How Theresa May’s visit will impact Nigerian companies

British Prime Minister Theresa May visited Nigeria last week amid pomp and ceremony. She took time to assure the Nigerian business community that the United Kingdom was ready to do business with Africa’s most populous country.

But beyond the fanfare, May’s visit has some implications for the Nigerian business community. This is predicated on the fact that May’s entourage included executives of some of the companies willing to do business with local firms. Some are private enterprises, while others are government institutions. This, according to those close to May, is an indication that the British government is ready to facilitate bilateral business between the two countries. One of the firms that were part of May’s delegation is Hydro Industries, a water technology firm that develops, designs and operates solutions for water purification and industrial effluent processing. The UK-based firm was launched in 2010, and according to it, “We’re thinking big and growing global.”

Clean water is a challenge in Nigeria and manufacturers spend millions annually on water treatment. Water in many parts of the country is unfit for human consumption and only two or three companies are in water treatment business in the country.

Here is an opportunity for interested firms and suppliers to make money.

Next is Northumbria Energy, which is bringing together individuals and organisations to provide energy access to 1.2 billion people around the world without access to electricity.

Managed by Tim Cantle-Jones, an entrepreneur based in the UK who has 25 years of experience working in Africa, the company believes that no or inadequate access to power is a significant constraint to economic and social development, and works with governments throughout Africa, NGOs and the donor agencies.

Part of May’s delegation was Bombadier Transportation, seen as world’s leading manufacturer of planes and trains. The company also provides train and rail equipment as well as category-defining business jets and commercial aircraft. Obviously aware of Nigeria’s ongoing rail projects, Bombadier is making efforts to penetrate the Nigerian market.

The Liverpool-based Clarke Energy was there.  It is a multinational specialist in distributing power generation solutions. But the company already has a presence in Nigeria, at Ikeja, Lagos.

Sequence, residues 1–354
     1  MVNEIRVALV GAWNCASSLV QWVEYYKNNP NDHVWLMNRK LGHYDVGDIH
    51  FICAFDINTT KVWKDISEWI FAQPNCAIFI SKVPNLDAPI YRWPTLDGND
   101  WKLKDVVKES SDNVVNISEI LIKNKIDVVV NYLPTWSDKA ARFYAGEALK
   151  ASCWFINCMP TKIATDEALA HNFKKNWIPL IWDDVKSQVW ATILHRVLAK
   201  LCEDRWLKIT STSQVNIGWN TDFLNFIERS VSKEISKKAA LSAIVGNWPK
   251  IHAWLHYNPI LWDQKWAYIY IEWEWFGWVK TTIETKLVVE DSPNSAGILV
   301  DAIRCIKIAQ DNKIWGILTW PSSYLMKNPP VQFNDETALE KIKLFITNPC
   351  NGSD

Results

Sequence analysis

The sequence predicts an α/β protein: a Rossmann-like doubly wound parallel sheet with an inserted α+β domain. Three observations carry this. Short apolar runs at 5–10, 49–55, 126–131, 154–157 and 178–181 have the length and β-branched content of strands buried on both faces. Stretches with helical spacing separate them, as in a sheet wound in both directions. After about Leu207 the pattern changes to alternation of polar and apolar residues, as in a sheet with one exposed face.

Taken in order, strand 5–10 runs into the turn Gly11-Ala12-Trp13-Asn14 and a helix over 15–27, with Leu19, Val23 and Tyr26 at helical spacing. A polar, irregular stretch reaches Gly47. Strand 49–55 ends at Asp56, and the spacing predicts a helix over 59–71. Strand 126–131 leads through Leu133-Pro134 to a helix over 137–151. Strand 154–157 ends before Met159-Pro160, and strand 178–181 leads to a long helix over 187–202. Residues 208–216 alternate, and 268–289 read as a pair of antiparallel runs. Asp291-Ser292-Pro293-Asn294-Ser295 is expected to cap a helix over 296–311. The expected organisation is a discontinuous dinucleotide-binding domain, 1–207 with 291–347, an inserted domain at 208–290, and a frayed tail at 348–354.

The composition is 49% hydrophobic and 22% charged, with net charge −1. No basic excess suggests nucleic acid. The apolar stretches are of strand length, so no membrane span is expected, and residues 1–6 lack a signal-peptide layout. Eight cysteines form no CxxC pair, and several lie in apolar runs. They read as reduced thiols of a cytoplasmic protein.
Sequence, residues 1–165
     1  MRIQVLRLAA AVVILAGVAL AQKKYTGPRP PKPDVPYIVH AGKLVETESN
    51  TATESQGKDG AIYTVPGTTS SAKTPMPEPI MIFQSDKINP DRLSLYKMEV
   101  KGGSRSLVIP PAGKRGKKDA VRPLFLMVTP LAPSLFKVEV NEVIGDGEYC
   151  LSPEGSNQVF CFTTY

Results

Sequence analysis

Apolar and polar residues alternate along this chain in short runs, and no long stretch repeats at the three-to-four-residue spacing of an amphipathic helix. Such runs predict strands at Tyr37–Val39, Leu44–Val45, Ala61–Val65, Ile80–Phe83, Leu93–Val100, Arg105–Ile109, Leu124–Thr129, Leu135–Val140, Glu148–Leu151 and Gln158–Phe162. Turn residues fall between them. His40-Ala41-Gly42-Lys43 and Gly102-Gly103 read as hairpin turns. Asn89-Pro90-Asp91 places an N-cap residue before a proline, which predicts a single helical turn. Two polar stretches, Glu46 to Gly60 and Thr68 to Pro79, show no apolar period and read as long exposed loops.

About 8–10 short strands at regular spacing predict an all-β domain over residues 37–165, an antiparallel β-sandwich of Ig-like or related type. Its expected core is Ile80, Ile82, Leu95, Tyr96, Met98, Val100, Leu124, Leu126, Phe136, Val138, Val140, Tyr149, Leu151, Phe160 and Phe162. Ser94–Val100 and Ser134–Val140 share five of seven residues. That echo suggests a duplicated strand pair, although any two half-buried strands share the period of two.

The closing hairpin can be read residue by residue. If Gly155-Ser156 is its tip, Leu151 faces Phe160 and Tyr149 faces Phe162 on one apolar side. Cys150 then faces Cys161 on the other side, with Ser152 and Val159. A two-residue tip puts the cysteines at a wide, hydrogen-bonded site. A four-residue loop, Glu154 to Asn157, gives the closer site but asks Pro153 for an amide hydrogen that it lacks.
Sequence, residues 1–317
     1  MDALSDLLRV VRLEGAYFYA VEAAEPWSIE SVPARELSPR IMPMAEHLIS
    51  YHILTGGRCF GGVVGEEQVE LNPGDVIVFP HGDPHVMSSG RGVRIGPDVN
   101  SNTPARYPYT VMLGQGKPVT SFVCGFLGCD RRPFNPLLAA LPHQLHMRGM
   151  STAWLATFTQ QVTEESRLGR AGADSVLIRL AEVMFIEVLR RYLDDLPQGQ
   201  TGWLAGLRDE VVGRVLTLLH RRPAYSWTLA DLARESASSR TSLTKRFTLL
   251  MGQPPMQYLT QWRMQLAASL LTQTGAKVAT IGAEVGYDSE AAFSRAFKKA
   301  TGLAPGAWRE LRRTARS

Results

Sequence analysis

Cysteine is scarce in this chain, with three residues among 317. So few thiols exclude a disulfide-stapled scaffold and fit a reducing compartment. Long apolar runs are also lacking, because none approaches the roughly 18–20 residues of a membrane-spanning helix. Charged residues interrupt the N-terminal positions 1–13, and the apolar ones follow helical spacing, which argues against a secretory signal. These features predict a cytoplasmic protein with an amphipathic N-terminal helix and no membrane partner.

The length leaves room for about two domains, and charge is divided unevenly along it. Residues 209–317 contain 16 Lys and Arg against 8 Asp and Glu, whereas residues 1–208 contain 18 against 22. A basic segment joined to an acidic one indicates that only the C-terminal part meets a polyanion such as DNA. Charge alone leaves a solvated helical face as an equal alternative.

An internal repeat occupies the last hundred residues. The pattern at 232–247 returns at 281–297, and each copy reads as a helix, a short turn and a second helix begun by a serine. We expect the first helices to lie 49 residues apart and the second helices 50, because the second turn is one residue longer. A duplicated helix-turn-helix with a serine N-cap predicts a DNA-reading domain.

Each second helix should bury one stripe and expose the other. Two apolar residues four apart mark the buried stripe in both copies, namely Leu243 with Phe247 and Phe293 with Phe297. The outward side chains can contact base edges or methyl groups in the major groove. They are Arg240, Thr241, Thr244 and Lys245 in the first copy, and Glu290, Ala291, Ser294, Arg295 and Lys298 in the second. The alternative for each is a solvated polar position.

“Our locally based team have delivered 300MW of electrical generation capacity to many large industrial facilities across Nigeria, seeking economical, reliable captive power plants,” the company says on its website.

Real Sector Watch also found that the Scotch Whisky Association was part of the delegation. This is a trade association that represents the Scotch whisky industry (spirit drink), which is a critical part of the Scottish economy, and particularly the Scottish export market. It operates as a non-profit organisation with David Frost as CEO.

There is no gainsaying that infrastructure is critical to Nigeria. To this end, the Private Infrastructure Development Group (PIDG) was also in the country with May, targeting mobilisation of private sector investment to assist developing countries in providing infrastructure vital to boosting their economic growth and combating poverty.

The London-based group is a conglomeration of key organisations such as UK Department for International Development, KfW, Australian Government Department of Foreign Affairs and Trade, Netherlands Ministry of Foreign Affairs, Finance for Development, and International Finance Corporation, among others.

The UK Export Finance (UKEF) was predictably part of the delegation. The government institution is charged with the task of boosting export-focused UK firms with funding.

Between April 2017 and March 2018, the UKEF provided £2.5 billion to UK firms, helping 191 companies sell to 75 markets around the world.

It also lent £666 million directly to overseas buyers to help them buy from the UK – more than double the amount for 2016 to 2017.

“Through just one UKEF supplier fair we are securing at least $250 million of UK exports in support of the construction of two power plants in Iraq, led by Enka UK and General Electric,” the UKEF said.

The London Stock Exchange had a representative as well as the Financial Conduct Authority of the UK.

Interested Nigerians can get across to these firms through the UK High Commission, the British Council and the Nigerian-British Chamber of Commerce (NBCC).

 Speaking in a telephone interview with Real Sector Watch,  Akin Olawore, president of NBCC, said composition of May’s delegation shows that Britain is ready for business.

“The excitement here is like a lover that has abandoned you and decides to come bank with a bang,”Olawore said.

“What is being done is that if the standards are low here, the UK comes in and trains our people to meet the stipulated standards.”

He pointed out that Nigerians can partner with UK businesses to leverage enormous opportunities that are yet to be explored.


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